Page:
It is not necessary for the claimant to issue any formal Power of Attorney when instructing legal counsel in Norway in connection with the arrest application. In some jurisdictions such Power of Attorney must be submitted to the court, duly notarized and legalized. This may be a time critical factor when preparing for an arrest.

There are no substantial fees payable to the court in connection with an arrest, only a minor fee in the region of NOK 2,000 – 3,000 (approx. EUR 250-350). The claimant may, however, be requested to post security. I will address the question of security separately below.


All maritime claims as listed in Article 1 (1) of the Arrest Convention, with the addition of compensation for wreck removal, may be the basis for an arrest of the ship. These different maritime claims are listed in the section 92 of the NMC:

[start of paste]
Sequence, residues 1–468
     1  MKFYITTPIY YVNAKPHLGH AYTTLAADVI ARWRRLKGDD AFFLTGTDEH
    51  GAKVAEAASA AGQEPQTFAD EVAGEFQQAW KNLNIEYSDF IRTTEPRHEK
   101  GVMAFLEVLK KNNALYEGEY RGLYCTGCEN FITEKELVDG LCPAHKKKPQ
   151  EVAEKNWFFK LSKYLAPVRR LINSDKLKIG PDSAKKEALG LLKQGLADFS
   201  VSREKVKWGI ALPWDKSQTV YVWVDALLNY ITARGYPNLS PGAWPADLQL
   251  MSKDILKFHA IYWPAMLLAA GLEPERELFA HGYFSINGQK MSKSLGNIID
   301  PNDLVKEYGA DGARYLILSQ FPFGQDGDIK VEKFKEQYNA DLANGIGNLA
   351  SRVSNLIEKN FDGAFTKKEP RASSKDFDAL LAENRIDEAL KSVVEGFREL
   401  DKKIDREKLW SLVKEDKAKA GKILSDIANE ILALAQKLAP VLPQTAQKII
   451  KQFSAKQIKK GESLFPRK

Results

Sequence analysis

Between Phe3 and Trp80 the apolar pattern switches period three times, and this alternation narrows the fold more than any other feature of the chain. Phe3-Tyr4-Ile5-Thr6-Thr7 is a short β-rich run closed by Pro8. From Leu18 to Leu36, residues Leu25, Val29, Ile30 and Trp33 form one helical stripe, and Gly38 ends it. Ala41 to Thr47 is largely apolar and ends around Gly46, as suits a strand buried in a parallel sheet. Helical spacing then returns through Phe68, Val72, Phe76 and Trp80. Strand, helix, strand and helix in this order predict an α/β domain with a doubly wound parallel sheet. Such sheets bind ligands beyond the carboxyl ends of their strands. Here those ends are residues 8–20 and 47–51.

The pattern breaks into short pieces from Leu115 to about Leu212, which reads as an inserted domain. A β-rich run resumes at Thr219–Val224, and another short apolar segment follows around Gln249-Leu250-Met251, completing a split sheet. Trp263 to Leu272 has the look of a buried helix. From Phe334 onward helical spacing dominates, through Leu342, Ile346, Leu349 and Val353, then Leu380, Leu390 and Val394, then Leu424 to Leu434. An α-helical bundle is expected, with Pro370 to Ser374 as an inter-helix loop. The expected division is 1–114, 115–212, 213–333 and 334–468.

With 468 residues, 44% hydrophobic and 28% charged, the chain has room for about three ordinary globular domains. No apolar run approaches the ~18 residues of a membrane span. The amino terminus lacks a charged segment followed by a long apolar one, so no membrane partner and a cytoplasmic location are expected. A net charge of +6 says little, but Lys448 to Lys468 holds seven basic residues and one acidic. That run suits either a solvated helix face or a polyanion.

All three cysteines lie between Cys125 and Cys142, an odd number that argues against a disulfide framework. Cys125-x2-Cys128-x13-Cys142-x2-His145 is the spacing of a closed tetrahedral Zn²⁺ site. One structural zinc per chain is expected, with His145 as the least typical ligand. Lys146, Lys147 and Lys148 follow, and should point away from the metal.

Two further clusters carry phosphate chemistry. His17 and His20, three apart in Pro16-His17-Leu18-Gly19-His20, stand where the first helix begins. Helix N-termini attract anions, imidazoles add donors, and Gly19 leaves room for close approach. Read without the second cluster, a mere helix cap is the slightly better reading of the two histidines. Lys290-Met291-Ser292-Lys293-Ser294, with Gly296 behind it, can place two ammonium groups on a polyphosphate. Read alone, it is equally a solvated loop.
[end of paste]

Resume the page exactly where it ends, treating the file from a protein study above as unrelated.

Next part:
Section 92 Maritime Claims
A ship can only be arrested to secure a maritime claim.
A maritime claim means a claim based on one or more of the following circumstances:
a) damage caused by a ship in a collision or otherwise,
b) loss of life or personal injury caused by a ship or occurring in connection with the operation of a ship,
c) salvage and the removal of wrecks,
d) a charterparty or other agreement for the use or hire of a ship,
e) a charterparty or other agreement for the carriage of goods by ship,
f) loss of or damage to goods, including luggage, carried by ship,
g) general average,
h) bottomry,
i) towage,
j) pilotage,
k) goods or materials delivered anywhere to a ship for use in its operation and maintenance,
l) the building, repair or fitting out of a ship and costs and fees payable for docking,
m) wages and other remuneration due to the master and other employees on board in respect of their service on the ship,
n) a master’s disbursements, including disbursements by shippers, charterers or agents on behalf of the ship or its owner,
o) a dispute as to the ownership of a ship,
p) a dispute between co-owners of a ship concerning its ownership, possession or use or the revenues from it,
q) any mortgage on or security in a ship, except for a maritime lien.